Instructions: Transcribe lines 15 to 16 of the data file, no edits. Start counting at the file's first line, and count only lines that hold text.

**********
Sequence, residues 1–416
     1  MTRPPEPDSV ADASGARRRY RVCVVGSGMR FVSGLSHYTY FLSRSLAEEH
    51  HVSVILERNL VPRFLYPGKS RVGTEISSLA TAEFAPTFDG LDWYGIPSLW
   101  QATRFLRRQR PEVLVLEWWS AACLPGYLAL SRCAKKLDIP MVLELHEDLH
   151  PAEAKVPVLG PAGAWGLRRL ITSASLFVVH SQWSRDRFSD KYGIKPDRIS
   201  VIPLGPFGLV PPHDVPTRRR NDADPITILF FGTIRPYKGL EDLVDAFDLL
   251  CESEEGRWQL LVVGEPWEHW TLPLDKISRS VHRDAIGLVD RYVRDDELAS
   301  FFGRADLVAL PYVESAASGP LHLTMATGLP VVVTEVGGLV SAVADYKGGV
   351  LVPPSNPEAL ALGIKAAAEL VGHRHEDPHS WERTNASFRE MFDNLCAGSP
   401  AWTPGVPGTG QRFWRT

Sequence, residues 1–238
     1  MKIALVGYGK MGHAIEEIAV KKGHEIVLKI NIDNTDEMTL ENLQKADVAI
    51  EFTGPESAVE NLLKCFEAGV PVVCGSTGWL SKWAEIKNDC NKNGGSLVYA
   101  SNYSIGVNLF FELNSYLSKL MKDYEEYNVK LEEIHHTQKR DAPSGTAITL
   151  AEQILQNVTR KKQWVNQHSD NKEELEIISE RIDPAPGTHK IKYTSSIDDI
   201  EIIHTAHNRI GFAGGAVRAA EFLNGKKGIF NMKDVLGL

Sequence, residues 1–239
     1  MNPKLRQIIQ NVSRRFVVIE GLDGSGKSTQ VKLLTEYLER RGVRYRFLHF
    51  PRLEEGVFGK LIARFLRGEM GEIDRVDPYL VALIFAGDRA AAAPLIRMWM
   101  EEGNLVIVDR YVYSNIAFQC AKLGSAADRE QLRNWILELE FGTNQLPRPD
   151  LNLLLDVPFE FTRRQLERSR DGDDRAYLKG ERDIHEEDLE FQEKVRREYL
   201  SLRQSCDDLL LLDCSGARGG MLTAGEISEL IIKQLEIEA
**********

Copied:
   151  AEQILQNVTR KKQWVNQHSD NKEELEIISE RIDPAPGTHK IKYTSSIDDI
   201  EIIHTAHNRI GFAGGAVRAA EFLNGKKGIF NMKDVLGL